SORROW’S SPRINGS

I have made it to Bucks County, Pennsylvania.

I’ve stayed the last two nights at what used to be a dairy farm in New Hope. Beautiful old stone house, surrounded by perennial beds–strawflowers, yarrow, morning glories, fuchsias, begonias, all evocatively decaying in early fall. The weather’s been unseasonably warm. Yesterday I was able to amble the path that’s been mown around the perimeter of the back field.

The grasses, the milkweed, goldenrod, Queen Anne’s lace, the afternoon light–everything makes me want to cry. I grew up in New Hampshire, a few states north obviously, but the East Coast landscape is deep, deep and dear to my heart. I feel in one way that I never left. In some ways I wish I never left.

My bum leg (trip and fall in NYC) is healing by the day. The cane I bought at Duane Reade (Walmart) fell apart after three days. I patched it up and then it died yesterday while I was touring Fonthill Castle.

Almost at that exact moment, however, I found I could more or less walk unaided and in a couple of more days may even be able to climb stairs like a normal person, instead of both feet on one step, inching up one at a time.

I’m overwhelmed by the healing properties of the human body and the adaptability of the human spirit.

I’ve had a different kind of trip than I would have, and that’s been instructive and beautiful. On the other hand, the whole incident has made me newly aware of my fragility. I begin to see that old people, mostly overlooked by the world, play some mysterious role in holding the tension of the world.

When you’re young, you look at older people and sort of think, Well, they’ve had their lives and they don’t really care about or mind dying. It’s not quite that callous but on some level, that’s kind of the thought. The young are not equipped to dwell, and almost shouldn’t be dwelling, on death.

But if you’re lucky enough to make it this far, a whole new vista opens up. Another vantage point.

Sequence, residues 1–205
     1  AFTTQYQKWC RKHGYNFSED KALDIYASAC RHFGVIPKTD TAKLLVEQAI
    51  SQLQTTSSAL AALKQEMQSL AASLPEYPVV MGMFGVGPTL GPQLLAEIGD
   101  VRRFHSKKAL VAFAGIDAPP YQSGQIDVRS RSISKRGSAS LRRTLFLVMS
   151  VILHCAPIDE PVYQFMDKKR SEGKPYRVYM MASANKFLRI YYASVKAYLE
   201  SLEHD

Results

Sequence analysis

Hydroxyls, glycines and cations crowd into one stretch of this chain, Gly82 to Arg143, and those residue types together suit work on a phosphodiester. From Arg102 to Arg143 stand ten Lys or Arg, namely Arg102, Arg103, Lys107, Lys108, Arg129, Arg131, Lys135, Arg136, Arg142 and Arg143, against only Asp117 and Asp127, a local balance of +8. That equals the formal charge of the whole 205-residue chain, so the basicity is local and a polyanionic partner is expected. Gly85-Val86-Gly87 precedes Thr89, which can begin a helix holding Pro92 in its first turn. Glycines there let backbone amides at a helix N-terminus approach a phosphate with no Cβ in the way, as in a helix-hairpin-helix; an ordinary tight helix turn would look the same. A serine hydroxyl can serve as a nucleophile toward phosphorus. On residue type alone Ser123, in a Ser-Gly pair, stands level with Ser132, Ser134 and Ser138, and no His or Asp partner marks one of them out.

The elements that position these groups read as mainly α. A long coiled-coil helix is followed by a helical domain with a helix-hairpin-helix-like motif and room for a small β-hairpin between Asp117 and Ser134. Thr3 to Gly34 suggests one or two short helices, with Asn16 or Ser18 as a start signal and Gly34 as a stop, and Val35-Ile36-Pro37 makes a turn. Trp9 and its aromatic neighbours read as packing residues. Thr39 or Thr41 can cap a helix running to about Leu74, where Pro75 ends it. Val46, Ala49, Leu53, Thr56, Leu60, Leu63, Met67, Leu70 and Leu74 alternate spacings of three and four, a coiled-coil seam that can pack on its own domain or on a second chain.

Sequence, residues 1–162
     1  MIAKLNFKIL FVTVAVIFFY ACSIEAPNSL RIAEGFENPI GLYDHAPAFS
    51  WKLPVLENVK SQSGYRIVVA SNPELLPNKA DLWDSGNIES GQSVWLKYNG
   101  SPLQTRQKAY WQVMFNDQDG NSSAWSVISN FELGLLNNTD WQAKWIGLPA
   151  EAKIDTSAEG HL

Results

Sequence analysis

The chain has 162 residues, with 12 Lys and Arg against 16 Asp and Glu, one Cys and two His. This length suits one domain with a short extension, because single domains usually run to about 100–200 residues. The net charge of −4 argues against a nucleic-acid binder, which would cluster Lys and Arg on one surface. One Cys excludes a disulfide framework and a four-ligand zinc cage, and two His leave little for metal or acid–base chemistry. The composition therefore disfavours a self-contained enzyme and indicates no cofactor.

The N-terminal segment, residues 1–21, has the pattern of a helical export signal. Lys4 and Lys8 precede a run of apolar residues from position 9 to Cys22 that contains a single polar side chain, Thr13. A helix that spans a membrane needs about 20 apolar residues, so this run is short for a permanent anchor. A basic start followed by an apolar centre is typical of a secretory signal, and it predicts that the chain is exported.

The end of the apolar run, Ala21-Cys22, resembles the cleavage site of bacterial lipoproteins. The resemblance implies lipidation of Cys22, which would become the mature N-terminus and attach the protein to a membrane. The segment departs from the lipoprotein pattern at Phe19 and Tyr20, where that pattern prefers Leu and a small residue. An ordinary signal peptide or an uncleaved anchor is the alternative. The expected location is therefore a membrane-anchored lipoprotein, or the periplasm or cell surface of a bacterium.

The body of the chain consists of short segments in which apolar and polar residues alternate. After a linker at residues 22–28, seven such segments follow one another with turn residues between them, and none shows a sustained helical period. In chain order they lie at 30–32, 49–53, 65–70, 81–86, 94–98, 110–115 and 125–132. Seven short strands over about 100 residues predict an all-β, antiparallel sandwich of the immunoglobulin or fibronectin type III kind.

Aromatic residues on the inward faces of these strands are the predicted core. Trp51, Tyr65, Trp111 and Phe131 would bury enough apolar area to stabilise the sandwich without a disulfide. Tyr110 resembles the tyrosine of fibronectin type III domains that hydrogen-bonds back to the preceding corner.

One main thing I see is the vitality of prayer. The years of prayer–however faltering, distracted, and lackluster; whatever form our “prayer” may take–have shaped and formed us. It’s one main thing we can continue doing, no matter how diminished we may become.

This lanscape–the colors, the bird calls, the cool, dew-laden air–all make me think of my mother. Think of her and long for her.

Jesus had it so right in giving us Mary.

SPRING AND FALL
by Gerard Manley Hopkins

to a young child

Márgarét, áre you gríeving
Over Goldengrove unleaving?
Leáves like the things of man, you
With your fresh thoughts care for, can you?
Ah! ás the heart grows older
It will come to such sights colder
By and by, nor spare a sigh
Though worlds of wanwood leafmeal lie;
And yet you wíll weep and know why.
Now no matter, child, the name:
Sórrow’s spríngs áre the same.
Nor mouth had, no nor mind, expressed
What heart heard of, ghost guessed:
It ís the blight man was born for,
It is Margaret you mourn for.

10 Replies to “SORROW’S SPRINGS”

  1. Mary R. Blanton says: Reply

    One of my my favorite poems of Hopkins. You have given voice to so many of us as we get older and see the connectedness of all things and all times/stages in our lives. Was just walking along the Shenandoah River-on a golden afternoon in prayer about the “last things as they come closer and hoping I may embrace “the art of dying” and live my last years more fully. Thank you, and hope you are soon taking steps two at a time.

    1. HEATHER KING says: Reply

      Oh beautiful, Mary–“last things as they come closer and hoping I may embrace “the art of dying”…autumn does bring up these kinds of thoughts!…I am walking better by the day. Blessed Memorial of St. Therese of Lisieux to you…

  2. Robert T Rueger says: Reply

    Gerard Manly Hopkins – The Best!
    Still in Bucks County, PA? Our former home, wife Stella & I, only left because of wife’s med. condition, relocated to FL @ recommendation of Dr. If you can visit Pearl Buck home / house near New Hope, PA. Worth your time.